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Kurt Krueger

In the Outdoors


Kurt Krueger can be reached at This e-mail address is being protected from spambots. You need JavaScript enabled to view it.
or P.O. Box 1929, Eagle River, WI 54521.


Beware: Lake jumping can be dangerous
Anglers who trailer their boats to several lakes in a single day or weekend are reminded to check their trailer, boat and motor for invasive species such as Eurasian water milfoil.                  —Contributed Photo
By Kurt Krueger

LET’S SAY you hit the Eagle River Chain early for walleyes, head to Boot Lake for some crappie action, and then finish up the day catching the rest of your daily walleye limit on Butternut Lake.
Sounds like a plan. Similar scenarios are played out again and again this time of year as anglers make the most of their days.
It’s called lake jumping, and it’s an inseparable part of Wisconsin’s fishing tradition.
The trend has become even more common since tribal spearing gave us three-walleye and two-walleye bag limits, where anglers are forced to change lakes in order to legally harvest five walleyes — still the daily bag limit statewide.

Tuesday, May 22, 2012 2:58 PM
 
Drumming, breeding is a rite of spring
After listening to this grouse drum for two hours, in low-light conditions starting before dawn, I finally got photos like this one.       —Photo By The Author
By Kurt Krueger

SPRING is a season worth longing for and not just because it follows winter. It is marked by the return of migratory wildlife, pre-nesting rituals, warm breezes, open water and one of the scribbler’s favorites — “drumming” grouse.
It’s the slow transformation toward green up after more than six months of bare trees and dying vegetation that invigorates the outdoor spirit. Mowing the lawn isn’t my favorite hobby, but it beats shoveling snow any day.

Tuesday, May 15, 2012 3:05 PM
 
Opener company, bite as good as it gets
By Kurt Krueger

IT STARTED with a simple cast, the 2012 open water fishing season, as daughter Melissa sent a jig and minnow toward the shoreline in hopes there might be some old or new cabbage weeds holding walleyes.
Our sharing boat space for a weekend had been on the calendar for a couple of months, something we hadn’t done since last June around Father’s Day. There’s no ruining a weekend like that, fish or no fish, yet we were hoping that overcast conditions would be right for the walleyes.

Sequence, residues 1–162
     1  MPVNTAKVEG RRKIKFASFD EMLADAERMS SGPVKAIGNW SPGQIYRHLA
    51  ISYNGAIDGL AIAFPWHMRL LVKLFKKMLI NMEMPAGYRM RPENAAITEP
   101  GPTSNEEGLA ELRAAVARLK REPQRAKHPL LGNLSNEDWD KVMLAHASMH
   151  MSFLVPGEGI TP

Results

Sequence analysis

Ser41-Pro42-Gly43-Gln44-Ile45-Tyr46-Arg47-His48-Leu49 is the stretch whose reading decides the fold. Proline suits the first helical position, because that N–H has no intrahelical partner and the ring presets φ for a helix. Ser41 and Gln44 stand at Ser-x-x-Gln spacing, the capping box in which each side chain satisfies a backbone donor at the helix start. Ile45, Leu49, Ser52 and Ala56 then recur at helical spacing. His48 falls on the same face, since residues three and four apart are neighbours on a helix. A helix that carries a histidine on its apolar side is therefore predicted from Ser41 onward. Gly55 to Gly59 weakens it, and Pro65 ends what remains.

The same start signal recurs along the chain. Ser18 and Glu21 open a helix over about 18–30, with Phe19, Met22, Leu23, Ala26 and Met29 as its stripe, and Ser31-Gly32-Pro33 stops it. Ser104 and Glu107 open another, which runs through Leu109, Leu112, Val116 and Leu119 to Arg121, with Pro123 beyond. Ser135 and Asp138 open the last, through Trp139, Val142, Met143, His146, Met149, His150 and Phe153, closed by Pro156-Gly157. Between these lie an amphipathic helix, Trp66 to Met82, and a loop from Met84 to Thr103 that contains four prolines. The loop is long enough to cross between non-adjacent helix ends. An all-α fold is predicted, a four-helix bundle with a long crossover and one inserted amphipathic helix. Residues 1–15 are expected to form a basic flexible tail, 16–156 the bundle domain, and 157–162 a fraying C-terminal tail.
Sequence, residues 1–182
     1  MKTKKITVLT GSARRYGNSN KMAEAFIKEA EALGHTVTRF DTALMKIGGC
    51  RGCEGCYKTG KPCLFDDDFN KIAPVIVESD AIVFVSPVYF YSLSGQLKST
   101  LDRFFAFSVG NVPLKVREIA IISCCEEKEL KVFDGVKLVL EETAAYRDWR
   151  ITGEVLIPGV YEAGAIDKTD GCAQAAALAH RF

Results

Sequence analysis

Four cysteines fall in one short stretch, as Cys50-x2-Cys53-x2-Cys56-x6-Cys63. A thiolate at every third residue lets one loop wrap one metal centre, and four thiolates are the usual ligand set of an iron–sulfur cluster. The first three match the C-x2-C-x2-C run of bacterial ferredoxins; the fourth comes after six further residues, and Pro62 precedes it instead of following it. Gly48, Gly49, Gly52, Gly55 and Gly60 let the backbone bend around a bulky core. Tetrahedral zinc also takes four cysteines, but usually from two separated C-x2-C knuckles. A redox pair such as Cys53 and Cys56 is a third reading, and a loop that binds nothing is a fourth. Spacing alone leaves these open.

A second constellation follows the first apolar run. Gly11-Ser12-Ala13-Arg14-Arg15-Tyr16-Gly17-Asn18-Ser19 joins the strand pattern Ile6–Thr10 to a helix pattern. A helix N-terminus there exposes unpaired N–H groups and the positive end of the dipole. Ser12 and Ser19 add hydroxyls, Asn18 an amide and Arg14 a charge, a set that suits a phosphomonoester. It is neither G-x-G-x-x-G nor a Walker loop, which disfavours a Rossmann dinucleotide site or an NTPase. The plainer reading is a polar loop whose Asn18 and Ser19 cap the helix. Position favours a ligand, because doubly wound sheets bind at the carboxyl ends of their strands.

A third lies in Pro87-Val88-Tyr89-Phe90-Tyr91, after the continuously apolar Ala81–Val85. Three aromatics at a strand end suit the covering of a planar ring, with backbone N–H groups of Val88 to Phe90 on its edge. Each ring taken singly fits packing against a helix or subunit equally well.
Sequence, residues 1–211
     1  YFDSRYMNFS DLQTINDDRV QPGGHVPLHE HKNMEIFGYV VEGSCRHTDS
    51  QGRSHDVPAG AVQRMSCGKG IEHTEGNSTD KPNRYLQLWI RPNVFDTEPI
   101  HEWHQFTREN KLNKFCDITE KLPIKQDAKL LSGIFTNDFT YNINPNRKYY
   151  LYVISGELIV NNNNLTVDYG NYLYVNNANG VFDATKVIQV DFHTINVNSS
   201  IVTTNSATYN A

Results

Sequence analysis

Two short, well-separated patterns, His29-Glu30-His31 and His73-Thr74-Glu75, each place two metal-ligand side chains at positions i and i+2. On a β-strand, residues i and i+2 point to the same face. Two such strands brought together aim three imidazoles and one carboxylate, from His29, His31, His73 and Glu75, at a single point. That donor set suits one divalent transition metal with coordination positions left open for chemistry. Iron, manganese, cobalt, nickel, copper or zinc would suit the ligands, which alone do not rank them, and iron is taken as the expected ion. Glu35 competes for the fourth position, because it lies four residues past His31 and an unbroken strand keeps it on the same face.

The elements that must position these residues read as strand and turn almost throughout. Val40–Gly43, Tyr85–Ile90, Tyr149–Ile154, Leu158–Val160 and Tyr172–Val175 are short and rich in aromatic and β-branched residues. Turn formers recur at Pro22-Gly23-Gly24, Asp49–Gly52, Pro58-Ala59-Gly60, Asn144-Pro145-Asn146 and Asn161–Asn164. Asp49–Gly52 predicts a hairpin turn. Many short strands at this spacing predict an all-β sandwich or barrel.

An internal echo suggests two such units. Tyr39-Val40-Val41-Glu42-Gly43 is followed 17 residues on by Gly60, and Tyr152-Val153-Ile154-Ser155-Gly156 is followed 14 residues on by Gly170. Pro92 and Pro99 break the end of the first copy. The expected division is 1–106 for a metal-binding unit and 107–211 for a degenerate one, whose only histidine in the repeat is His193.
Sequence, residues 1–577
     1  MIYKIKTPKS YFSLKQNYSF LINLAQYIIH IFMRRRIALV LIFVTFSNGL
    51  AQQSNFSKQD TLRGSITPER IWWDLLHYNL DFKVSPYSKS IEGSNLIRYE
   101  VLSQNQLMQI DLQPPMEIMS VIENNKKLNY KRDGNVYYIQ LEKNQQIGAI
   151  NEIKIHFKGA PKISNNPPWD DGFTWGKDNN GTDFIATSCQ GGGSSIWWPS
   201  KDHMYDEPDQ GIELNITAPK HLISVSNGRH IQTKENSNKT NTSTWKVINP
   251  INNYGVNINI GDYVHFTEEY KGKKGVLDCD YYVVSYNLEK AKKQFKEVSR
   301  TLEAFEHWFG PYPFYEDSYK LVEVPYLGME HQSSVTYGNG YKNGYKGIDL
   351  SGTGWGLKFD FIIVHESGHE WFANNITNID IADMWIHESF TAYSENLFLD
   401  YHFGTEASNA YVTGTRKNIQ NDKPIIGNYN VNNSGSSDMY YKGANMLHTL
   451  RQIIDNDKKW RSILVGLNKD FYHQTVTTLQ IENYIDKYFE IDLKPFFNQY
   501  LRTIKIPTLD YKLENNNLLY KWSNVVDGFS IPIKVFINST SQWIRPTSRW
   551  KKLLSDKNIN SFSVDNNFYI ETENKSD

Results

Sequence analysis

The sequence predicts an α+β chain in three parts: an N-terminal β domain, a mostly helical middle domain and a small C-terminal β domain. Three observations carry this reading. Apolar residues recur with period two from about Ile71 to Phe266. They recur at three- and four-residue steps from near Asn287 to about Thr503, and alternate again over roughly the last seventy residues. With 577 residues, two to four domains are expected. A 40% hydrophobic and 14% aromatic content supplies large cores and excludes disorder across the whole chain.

Our plan was to find the thickest, nastiest old cabbage weeds from last year, which normally are the first areas to harbor the newest weed growth of the season. And it’s those new weeds, the really green, tough plants, that hold the walleyes.

Tuesday, May 08, 2012 3:03 PM
 
Kentuck: the roller-coaster ride continues
This photo from the early 1990s, taken at the Kentuck Lake boat landing, reminds me of great days on a great lake that might return if this natural bass/panfish lake explodes in the future.                —Photo By The Author
By Kurt Krueger

IT SEEMS that no matter how hard we humans try to manipulate the environment, there are times when Mother Nature will get her way in the end.
Such is the case with Kentuck Lake in eastern Vilas County, which seems destined to be a bass and panfish resource no matter how many walleyes get stocked there.
The lake also has a strong muskie population with good natural reproduction, but that fishery seems undaunted by the changing dynamics among the other fish species.

Tuesday, May 01, 2012 5:54 PM
 
The crappie is a favorite fish of many
By Kurt Krueger

EVERY angler has a favorite fish to chase and, if I had to narrow it down to just one, I’d say the crappie would be king on my list.
It’s a hard choice, you know, because those great-eating walleyes are always a challenging foe and the northern pike may be the all-around best-tasting fish in Wisconsin.
I do love catching and eating trout of all kinds, especially native brookies from national forest streams and stocked browns from high-quality lakes in Vilas County. In fact, I can see them frying in the pan right now, heads and all.

Tuesday, April 24, 2012 2:31 PM
 
There’s more than one way to bag a tom
It was a quick but intense turkey hunt in central Wisconsin early Saturday that produced this nice-looking gobbler.                 —Photo By The Author
By Kurt Krueger

THEY SAY you learn some­thing new every day, and I discovered last Saturday that sometimes getting that tom turkey means talking to the hens instead of wasting your slate on unresponsive gobblers.